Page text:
In particular I saw a good parallel with two critical areas of our work; the credibility of the source and the process of the decision-making.

The rest of the writing is a summary, a go through few points I have identify as relevant, and that I have see covering some critical grey areas.

I am aware this is just a small part of the picture, and as usual I am open to discussion and comments, and I will be more then happy if that will happen, actually this will mean that I have reach my target.

 

Credibility of the Source

In our work, as well as in many others, having a good credibility is not a plus but a must. Being credible as a company or as a single person, is not coming from free, and is a process that could takes years to build and days to get destroy.

The credibility is not only the result of "best practices" or "how to", but is also the result of a correct approach and process in what we do, how we do it and how we decide to do things (see after the decision-making section).

Whenever a customer will come to us, for an advice or help, he will ask to himself some questions, questions that we should answer or the customer will redirect his attention to someone else.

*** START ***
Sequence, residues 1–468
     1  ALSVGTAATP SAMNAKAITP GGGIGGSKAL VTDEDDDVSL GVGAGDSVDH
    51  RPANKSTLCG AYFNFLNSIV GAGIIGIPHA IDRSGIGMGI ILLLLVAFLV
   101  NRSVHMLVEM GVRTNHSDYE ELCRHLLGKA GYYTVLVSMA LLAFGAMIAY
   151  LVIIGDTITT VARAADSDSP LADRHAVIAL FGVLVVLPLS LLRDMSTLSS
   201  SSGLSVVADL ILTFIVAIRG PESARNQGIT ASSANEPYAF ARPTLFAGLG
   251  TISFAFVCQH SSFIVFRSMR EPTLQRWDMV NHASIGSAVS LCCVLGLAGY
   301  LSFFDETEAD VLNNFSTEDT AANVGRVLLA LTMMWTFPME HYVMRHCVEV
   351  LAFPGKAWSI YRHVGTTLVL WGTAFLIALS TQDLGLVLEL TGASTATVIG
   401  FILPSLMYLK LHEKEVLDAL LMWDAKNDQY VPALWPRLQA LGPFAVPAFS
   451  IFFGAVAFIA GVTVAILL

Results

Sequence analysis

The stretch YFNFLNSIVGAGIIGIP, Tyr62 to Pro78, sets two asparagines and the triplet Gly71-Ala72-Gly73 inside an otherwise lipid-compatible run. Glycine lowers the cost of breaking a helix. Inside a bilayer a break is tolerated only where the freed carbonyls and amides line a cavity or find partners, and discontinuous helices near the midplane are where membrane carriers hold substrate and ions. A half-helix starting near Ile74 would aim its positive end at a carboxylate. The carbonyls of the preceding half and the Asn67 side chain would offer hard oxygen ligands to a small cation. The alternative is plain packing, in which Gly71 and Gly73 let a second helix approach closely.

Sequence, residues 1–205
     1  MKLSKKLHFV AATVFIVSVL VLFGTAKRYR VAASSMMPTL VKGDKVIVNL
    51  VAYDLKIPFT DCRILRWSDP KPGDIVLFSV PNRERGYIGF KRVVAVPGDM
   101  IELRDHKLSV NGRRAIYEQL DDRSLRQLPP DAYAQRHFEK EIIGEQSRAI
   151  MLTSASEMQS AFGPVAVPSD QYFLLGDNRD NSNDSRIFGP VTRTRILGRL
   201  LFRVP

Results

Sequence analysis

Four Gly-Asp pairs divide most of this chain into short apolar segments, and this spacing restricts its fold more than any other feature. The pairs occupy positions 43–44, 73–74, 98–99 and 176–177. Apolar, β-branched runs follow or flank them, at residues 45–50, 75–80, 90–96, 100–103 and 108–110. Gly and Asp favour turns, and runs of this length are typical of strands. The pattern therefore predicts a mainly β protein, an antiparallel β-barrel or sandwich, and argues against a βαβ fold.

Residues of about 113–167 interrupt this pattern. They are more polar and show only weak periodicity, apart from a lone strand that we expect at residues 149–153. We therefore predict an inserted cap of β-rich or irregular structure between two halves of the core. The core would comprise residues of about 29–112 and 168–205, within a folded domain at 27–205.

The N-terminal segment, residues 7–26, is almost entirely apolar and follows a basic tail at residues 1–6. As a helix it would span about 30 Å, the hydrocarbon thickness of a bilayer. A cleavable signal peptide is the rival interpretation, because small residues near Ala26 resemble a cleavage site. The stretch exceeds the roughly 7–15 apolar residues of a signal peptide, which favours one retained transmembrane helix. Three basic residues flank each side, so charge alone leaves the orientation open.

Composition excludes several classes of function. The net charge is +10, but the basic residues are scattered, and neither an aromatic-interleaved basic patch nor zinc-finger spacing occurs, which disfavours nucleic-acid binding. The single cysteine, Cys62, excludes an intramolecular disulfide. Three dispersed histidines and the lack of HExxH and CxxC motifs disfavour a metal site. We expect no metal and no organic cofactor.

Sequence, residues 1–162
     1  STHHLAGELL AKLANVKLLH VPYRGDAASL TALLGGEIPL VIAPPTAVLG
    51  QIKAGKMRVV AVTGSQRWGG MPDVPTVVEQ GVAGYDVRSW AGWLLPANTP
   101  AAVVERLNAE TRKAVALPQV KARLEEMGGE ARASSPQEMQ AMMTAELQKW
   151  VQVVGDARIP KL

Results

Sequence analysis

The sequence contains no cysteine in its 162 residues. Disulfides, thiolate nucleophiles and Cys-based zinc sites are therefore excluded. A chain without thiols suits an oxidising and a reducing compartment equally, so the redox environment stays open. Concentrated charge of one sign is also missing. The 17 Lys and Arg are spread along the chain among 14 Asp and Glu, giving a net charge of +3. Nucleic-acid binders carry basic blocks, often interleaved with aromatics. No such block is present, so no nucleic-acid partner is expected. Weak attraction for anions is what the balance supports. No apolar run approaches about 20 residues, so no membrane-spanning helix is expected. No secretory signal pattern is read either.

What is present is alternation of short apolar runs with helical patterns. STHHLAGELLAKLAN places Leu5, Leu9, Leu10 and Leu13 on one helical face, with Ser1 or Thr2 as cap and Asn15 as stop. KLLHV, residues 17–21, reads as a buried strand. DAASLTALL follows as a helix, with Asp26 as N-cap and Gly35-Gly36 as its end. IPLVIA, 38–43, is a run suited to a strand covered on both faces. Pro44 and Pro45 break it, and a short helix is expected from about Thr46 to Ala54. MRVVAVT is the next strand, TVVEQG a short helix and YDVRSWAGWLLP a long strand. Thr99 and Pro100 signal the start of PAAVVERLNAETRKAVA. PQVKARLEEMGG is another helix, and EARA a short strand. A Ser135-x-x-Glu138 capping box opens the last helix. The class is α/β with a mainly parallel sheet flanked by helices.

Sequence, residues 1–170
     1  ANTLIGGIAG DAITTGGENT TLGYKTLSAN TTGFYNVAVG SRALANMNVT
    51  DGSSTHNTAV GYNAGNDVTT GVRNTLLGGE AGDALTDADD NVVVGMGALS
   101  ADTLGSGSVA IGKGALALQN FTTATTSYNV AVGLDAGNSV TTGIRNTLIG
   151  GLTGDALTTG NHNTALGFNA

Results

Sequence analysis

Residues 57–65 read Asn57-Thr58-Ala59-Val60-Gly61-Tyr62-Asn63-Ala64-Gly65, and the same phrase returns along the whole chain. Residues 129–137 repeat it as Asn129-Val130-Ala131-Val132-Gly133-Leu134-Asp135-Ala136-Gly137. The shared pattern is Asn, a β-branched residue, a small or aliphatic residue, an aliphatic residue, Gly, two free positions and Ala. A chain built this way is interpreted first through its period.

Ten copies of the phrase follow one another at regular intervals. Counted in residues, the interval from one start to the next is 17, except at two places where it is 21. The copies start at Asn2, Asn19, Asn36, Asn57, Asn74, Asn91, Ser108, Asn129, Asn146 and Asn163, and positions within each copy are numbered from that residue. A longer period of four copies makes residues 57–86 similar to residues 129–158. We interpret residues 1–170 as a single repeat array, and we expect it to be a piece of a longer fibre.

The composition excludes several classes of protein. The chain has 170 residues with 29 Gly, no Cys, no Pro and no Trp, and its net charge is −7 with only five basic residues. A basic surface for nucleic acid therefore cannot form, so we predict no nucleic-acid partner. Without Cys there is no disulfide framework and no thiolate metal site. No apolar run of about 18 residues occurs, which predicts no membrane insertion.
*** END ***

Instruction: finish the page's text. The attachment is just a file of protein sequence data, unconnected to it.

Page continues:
Those questions are:

  • Do they (us) have the relevant expertise (experience, knowledge and if needed formal qualification)?
  • Do they have the ability to observe accurately (eyesight, hearing, proximity to event, absence of distraction, appropriate instruments, skills in using instrument)?
  • Does their reputation suggest that they are reliable?
  • Do they have any interest or possible bias?
  • Are them claiming and providing evidences of knowledge about MY context?
  • Are they providing direct expertise?
  • Is they level of expertise base on direct experience?
  • Is what they say support by evidence and logic pattern?
  • Are other sources consistent?

Answer to all the above, as said, is not something you can achieve with limited or superficial effort, it instead require an extensive and constant shift in mentality, and require some well define ideas and behaviour. My interpretation is the following: